Sotomayor opponents in weak field position so far
Obama's high-court pick is no 'stealth candidate.' She has made some 450 judicial decisions. What's more, she has not been shy about expressing her opinions publicly.
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"Whether born from experience or inherent physiological or cultural differences,… our gender and national origins may and will make a difference in our judging," she said.Skip to next paragraph
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In her talk, she disagreed with an approach to judging expressed by former Justice Sandra Day O'Connor, the first woman to serve on the US Supreme Court. Justice O'Connor was frequently quoted as saying that a wise old man and a wise old woman would reach the same conclusion in deciding cases.
"I'm not so sure that I agree with the statement," Sotomayor said. "I would hope a wise Latina woman with the richness of her experiences would more often than not reach a better conclusion than a white male who hasn't lived that life."
This comment, combined with her Duke University comment, will probably form the nucleus of any attempt to defeat Sotomayor's nomination. At a minimum, it will spark an exploration of different visions of the role of judges among Republicans and Democrats, jurists and politicians.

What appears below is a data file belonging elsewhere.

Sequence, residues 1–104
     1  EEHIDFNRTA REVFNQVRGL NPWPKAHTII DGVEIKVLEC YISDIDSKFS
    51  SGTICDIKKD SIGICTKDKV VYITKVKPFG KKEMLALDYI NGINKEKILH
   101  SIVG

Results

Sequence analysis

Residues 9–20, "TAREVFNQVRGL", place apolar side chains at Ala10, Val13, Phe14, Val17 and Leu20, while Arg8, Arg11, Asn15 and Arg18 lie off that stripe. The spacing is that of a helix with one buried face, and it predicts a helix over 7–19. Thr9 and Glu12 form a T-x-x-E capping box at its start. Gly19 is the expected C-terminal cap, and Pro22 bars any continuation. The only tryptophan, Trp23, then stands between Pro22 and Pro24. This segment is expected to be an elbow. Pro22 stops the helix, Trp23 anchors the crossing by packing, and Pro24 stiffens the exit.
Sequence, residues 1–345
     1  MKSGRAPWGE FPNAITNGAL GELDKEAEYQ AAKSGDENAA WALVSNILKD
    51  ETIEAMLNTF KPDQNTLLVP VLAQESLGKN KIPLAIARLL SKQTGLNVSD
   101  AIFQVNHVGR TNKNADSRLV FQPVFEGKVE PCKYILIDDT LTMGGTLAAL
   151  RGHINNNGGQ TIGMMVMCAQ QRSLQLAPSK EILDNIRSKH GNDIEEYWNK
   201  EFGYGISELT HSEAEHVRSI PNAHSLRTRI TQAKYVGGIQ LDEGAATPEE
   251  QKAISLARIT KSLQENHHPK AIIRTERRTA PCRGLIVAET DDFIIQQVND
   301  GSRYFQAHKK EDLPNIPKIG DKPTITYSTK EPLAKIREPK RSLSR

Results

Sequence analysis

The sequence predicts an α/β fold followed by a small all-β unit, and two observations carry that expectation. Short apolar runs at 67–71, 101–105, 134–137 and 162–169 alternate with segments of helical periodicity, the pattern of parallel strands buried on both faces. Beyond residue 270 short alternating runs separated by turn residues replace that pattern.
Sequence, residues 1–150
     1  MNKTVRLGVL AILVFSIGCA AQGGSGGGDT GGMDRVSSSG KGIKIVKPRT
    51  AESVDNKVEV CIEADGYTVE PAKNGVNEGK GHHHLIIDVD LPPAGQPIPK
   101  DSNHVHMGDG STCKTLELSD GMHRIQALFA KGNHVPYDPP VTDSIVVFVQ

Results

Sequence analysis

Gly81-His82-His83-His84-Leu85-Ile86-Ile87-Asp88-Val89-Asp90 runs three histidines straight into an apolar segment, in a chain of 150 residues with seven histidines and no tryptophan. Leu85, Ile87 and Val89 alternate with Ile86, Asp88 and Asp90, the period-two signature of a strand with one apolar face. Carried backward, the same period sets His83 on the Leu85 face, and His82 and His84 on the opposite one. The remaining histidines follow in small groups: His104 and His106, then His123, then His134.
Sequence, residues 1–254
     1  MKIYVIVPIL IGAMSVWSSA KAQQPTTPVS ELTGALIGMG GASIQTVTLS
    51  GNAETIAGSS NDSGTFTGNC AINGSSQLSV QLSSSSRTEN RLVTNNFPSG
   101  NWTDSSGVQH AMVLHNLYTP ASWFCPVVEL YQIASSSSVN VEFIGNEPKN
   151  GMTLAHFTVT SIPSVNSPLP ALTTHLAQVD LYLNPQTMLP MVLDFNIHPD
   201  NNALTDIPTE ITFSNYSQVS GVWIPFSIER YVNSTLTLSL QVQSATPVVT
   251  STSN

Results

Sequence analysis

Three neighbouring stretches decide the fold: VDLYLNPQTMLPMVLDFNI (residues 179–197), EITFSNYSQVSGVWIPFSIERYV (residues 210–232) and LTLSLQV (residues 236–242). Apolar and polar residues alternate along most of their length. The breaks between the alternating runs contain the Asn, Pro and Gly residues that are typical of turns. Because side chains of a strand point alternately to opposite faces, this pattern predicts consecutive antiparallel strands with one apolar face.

White House officials encouraged the examination of Sotomayor and her statements in the broader context. "If one looks closely at [nearly] 17 years of judicial opinions, you'll see that this is not someone that you can reasonably argue advocates or is engaged in legislating from the bench," Mr. Gibbs said.
Ultimately, it will be up to Sotomayor to defend her nomination. She began that task on Tuesday with her first public comments.
She cited her work as a prosecutor, corporate lawyer, trial judge, and appeals-court judge. "This wealth of experiences, personal and professional, helped me appreciate the variety of perspectives that present themselves in every case that I hear," she said. "I strive never to forget the real-world consequences of my decisions on individuals, businesses, and government."
Sotomayor added: "I hope that as the Senate and the American people learn more about me, they will see that I am an ordinary person who has been blessed with extraordinary opportunities and experiences."